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Published: 2014-01-01

Recently we read correspondence from Penny Rambacher, R.D., a registered dietician working with Miracles in Action in Guatemala. About eight years ago, ECHO’s then-CEO, Dr. Martin Price, suggested to Penny that re-introducing Chaya could be an important way to address malnutrition within the country. She has since gathered a great deal of information about chaya, and heads a network of people (that she calls ‘Chaya Chums’) who also promote chaya. Penny shared the following.

“Chaya, sometimes referred to as the ‘Mayan Spinach Tree,’ has caught on so well that there have been articles in the main newspapers in Guatemala, and cuttings are in high demand. We have four ‘chaya farms’ sourcing cuttings now, and I still can’t get enough to meet the demand. We have held classes and cooking workshops for NGOs, government social programs, women’s groups, and anyone who will listen. Our PowerPoint presentation will be posted on our website, later in 2014.”

We encourage you to check out the Miracles in Action website (www.MiraclesInAction.org) There you can view two chaya videos. According to Penny, “One is about general nutrition with an emphasis on chaya and super foods (in Spanish with English subtitles). In that video we also promote chia seeds, called ‘chan’ by the indigenous population [see EDN 110 for more about chia]). The other chaya video is about how to make fortified tortillas by adding chaya to the masa dough—‘Tortillas Verde’ or green tortillas.” Both videos are online, at http://vimeo.com/75339569 and http://vimeo.com/79052427.

Penny shared that she and colleagues have developed recipes with chaya for rural Mayan kitchens. She added, “Our next work will be to create healthy snacks using super foods to be made by mothers and sold as a business outside schools. The kids buy a ton of junk food at recess, and we want the moms to sell alternative, healthy snacks and drinks. Our chaya recipe book is available on our website under ‘documents.’ It is currently only available in Spanish. This site also has our chaya informational brochure in Spanish and in English.” https://miraclesinaction.org/photos-docs/documents/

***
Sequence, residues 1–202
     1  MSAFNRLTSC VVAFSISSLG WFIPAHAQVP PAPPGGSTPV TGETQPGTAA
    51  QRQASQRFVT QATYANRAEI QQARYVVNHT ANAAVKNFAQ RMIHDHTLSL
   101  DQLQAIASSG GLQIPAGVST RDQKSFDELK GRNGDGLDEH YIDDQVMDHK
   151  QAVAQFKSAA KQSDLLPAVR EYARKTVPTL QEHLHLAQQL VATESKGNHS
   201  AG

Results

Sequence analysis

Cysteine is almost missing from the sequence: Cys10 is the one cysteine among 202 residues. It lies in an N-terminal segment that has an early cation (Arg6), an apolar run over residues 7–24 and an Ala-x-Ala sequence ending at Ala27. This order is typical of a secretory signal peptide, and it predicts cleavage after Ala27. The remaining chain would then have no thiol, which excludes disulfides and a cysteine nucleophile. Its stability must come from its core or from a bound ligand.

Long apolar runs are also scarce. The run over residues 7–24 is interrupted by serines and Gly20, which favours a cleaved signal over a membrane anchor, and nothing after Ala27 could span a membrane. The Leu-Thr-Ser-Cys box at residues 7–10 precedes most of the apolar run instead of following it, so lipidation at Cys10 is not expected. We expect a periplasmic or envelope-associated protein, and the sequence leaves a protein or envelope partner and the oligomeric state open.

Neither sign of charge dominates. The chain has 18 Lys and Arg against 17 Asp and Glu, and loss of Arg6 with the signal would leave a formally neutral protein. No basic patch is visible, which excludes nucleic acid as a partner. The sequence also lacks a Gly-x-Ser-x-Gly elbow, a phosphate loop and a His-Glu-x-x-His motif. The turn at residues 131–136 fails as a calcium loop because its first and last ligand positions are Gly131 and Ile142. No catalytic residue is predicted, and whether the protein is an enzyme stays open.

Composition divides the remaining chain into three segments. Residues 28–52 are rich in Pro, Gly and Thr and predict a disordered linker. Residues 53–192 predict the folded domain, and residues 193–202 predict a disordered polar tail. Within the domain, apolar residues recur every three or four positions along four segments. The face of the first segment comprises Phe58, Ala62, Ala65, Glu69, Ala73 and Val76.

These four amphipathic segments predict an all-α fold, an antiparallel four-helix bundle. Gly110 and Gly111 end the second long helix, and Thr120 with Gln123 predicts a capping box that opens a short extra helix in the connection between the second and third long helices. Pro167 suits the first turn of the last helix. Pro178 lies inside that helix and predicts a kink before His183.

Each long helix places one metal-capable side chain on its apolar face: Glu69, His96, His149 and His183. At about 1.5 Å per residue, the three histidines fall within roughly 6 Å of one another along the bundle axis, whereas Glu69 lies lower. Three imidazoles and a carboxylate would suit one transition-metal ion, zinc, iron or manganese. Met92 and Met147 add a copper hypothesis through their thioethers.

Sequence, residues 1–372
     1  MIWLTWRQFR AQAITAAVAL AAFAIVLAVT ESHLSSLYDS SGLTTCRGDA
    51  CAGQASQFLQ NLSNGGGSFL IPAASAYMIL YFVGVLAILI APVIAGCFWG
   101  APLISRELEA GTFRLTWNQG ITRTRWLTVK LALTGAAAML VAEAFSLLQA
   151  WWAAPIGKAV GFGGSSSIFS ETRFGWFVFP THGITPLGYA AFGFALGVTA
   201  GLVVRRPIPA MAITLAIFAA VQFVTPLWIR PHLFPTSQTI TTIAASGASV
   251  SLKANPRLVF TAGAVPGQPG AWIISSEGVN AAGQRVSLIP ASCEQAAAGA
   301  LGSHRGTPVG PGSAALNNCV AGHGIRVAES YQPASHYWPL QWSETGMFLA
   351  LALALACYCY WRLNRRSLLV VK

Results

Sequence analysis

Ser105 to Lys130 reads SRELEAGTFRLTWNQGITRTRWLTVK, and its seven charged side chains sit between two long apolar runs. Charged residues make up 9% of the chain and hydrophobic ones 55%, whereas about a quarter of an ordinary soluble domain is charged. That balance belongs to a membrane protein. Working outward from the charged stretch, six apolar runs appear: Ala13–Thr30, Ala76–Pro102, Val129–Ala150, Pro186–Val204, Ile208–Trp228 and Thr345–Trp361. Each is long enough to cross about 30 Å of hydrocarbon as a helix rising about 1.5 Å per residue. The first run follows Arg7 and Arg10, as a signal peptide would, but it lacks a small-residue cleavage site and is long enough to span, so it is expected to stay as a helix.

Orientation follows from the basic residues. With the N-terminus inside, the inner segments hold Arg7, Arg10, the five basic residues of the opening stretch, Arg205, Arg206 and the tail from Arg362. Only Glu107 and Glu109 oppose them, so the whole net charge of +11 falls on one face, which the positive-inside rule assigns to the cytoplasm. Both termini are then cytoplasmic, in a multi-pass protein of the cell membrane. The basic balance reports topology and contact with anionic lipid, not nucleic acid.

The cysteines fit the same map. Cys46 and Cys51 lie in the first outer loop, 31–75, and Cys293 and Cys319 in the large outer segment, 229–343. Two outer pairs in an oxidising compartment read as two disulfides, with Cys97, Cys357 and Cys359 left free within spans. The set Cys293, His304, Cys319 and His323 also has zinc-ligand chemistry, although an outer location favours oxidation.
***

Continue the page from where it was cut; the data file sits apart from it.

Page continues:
Dr. Price originally told Penny to learn everything she could about chaya. She commented, “Learning about chaya was the hardest part, because there is not a lot known or published on the internet. Much of what I found is in Spanish published by the Food Science and Agriculture Departments under Dr. Bressani and Dr. Cifuentes at the University del Valle in Guatemala.

Figure 3. Miracles in Action

Figure 3. Miracles in Action's truck filled with 4,000 chaya cuttings, used to start a farm in Guatemala. Photo credit: Penny Rambacher

Penny warned (as ECHO also does) that chaya should not be eaten raw, due to the cyanide in the plant cells. “University del Valle research answered our question concerning how long one must cook chaya to make it safe for eating. [They recommended] 15 minutes, and slightly less if the chaya is chopped before cooking.” It is also safe to drink the cooking water, which contains vitamins and minerals. Despite the warning to cook chaya, Penny commented that people regularly consume raw chaya that has been pureed with lemon or lime, in a blended drink. She has never heard of anyone experiencing acute symptoms of cyanide poisoning after drinking it. [Little is known about what chronic effects might result, if the blending and acid have not removed sufficient cyanide.] In Cancun, Mexico, ‘Jugo de Chaya’ (chaya juice) is popular at juice stands. The added vitamin C from the lemon would improve the absorption of iron from the chaya (which has double the iron, calcium and protein and over three times the amount of vitamin C compared to spinach). Penny added, “I have read several research articles stating that chaya can help diabetics lower their blood sugar. However, none of the articles recommends how much chaya needs to be consumed, in what form, when, or how often.